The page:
And, of course, Gordon has to take better care of the ball. If he’s going to have such a high percentage of possessions, a high turnover rate is bad business.
— This next gripe is partially related to the theme of athleticism above, but good God is IU’s four spot a liability. Not only are none of the three “athletic” — Mike White is, but is too short to make anything of it — none add any real value to the team. This was obvious in IU’s other loss, the 80-65 loss to Xavier. When the opponent is athletic on the interior, D.J.’s rebounding (and he really is rebounding like a madman these days) isn’t enough. If I had to pick one of the three to get a lion’s share of minutes at the four spot, well, you really can’t pick one over the other. Neither are particularly good; all you can do is adjust their minutes according to the opponent and hope not to get exposed too badly. Didn’t exactly happen yesterday; that four spot was glaring.
— Is A.J. Ratliff practicing so poorly that his athleticism can go totally unused? Is Sampson not aware of what A.J. can do? Does he just not like him? Somebody please explain this to me.
— Reading back through this — which is being composed muy rapido thanks to my traveling issues today — I realize I’m sounding a lot like Billy Packer. That is to say, I sound grumpy. Exceedingly so.
Is there a grumpier, more curmudgeonly analyst than Packer still breathing? The man is old, so he has a right to be a little preturbed from time to time. Listening to his broadcast yesterday, though, made me think that Packer doesn’t really enjoy the game all that much anymore. Or: He’s seen so many games that the nuanced beauty of this most gorgeous game is no longer impressive to him; he sees only players, sets, numbers, and scores. Anything else is incidental and not worth discussing.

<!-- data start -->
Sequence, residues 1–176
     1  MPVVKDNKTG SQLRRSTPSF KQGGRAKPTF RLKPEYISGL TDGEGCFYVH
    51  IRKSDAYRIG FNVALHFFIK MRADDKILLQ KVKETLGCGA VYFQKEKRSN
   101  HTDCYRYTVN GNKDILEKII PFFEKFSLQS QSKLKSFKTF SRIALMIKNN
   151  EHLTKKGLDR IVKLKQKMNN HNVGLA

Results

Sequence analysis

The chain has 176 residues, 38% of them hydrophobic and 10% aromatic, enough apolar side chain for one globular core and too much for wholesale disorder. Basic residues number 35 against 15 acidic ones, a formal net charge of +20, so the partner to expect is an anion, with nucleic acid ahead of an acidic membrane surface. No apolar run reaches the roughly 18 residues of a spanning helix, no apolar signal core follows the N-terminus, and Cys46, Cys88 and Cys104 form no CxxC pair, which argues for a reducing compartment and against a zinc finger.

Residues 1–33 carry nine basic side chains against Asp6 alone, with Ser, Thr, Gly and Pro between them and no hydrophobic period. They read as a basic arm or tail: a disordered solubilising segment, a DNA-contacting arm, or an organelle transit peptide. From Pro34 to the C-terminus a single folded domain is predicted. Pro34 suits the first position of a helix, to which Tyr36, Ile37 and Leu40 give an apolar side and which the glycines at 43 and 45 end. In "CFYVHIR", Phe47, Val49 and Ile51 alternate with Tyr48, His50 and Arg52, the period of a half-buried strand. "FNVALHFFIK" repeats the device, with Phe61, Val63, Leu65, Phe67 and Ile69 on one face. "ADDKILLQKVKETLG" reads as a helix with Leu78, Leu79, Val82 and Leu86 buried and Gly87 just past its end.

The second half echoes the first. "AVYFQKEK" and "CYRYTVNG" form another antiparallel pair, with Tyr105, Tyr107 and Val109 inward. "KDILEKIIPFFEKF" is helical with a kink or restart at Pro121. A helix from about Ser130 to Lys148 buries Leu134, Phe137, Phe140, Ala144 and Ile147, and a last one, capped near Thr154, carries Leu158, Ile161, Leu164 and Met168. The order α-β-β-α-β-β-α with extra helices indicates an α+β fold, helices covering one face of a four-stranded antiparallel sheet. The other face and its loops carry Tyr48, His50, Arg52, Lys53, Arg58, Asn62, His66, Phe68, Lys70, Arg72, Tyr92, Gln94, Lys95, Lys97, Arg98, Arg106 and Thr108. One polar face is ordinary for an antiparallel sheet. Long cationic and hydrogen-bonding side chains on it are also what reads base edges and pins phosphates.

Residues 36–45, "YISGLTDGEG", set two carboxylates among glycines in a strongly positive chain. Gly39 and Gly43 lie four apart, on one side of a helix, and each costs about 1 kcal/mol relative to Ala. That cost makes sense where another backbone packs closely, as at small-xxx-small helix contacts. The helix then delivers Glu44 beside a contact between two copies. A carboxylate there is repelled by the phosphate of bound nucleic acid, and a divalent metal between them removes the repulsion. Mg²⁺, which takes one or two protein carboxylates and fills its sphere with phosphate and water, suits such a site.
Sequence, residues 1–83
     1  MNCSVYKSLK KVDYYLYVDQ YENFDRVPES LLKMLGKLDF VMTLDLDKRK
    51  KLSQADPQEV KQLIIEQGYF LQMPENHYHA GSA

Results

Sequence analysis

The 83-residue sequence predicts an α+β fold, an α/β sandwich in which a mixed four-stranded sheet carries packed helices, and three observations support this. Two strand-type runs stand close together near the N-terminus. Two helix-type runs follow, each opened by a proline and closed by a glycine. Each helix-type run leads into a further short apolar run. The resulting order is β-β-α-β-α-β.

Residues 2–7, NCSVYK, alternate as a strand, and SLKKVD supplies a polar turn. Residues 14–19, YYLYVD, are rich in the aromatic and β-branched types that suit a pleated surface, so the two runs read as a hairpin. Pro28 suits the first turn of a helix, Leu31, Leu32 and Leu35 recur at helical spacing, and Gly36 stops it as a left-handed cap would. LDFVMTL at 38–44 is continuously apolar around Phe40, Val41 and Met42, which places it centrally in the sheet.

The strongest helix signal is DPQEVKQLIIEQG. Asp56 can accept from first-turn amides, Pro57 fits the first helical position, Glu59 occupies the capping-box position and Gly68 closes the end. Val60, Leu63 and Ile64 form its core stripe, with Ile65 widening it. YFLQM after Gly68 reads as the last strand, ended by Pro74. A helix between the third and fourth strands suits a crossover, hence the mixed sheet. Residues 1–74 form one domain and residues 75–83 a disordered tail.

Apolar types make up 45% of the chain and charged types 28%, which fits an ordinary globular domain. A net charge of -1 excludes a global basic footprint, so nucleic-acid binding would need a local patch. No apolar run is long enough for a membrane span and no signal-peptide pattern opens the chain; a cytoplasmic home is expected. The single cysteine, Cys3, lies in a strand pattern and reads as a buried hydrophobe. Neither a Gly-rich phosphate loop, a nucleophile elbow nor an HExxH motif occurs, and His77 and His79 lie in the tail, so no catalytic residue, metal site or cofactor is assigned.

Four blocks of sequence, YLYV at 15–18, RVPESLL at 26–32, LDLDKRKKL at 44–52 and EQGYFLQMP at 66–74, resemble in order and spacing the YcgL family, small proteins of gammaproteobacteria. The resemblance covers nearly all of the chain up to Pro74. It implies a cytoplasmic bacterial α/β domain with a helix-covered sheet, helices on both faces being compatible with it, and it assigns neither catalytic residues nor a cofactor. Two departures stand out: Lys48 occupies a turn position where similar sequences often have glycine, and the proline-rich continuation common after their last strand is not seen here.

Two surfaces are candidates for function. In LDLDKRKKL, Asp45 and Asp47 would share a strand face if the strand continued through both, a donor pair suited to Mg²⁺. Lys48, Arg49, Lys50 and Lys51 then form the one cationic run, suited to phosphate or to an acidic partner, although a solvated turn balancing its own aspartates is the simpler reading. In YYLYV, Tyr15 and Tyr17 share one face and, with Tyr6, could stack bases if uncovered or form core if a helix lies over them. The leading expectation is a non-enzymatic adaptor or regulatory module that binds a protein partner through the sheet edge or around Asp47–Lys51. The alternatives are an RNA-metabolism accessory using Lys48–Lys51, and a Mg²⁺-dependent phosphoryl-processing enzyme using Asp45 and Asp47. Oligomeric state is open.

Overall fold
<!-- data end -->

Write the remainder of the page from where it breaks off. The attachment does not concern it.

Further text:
Maybe I’m reading too much into it … or maybe someone really needs to give Billy Packer a foot rub and a scotch. He should spend some more time with Bill Raftery. That oughta loosen him up a little bit.
— Finally, one more thing, of the “general overriding impression” sort: Yesterday, I, as an IU fan, felt like I got knocked down a peg. While I’m pretty neurotic about predicting wins and losses — I always convince myself the Hoosiers will play worse than is reasonable — this year I’ve been floating pretty high, assuming the Hoosiers would not only win the Big Ten but would play deep into the NCAA Tournament. (I’ve also been kind of a dick to Illinois fans, which has been a lot of fun.) Yesterday, losing at home to a team missing two of its top six players, a team that lost to Providence early in the year, a team that really could have been beaten with a little bit of strategy or panache … and I start to get worried. Worried not only that the Hoosiers aren’t as good as we all thought, but worried that this season — the first legitimate title chance we’ve at IU in a while now — will end far too quickly. We’ve glimpsed the path to this team’s mortality. And I don’t like it.
Like I said, travel issues, so please add to this with your own thoughts and comments and loving remarks about the beauty of my Red Bull-induced prose. Respek.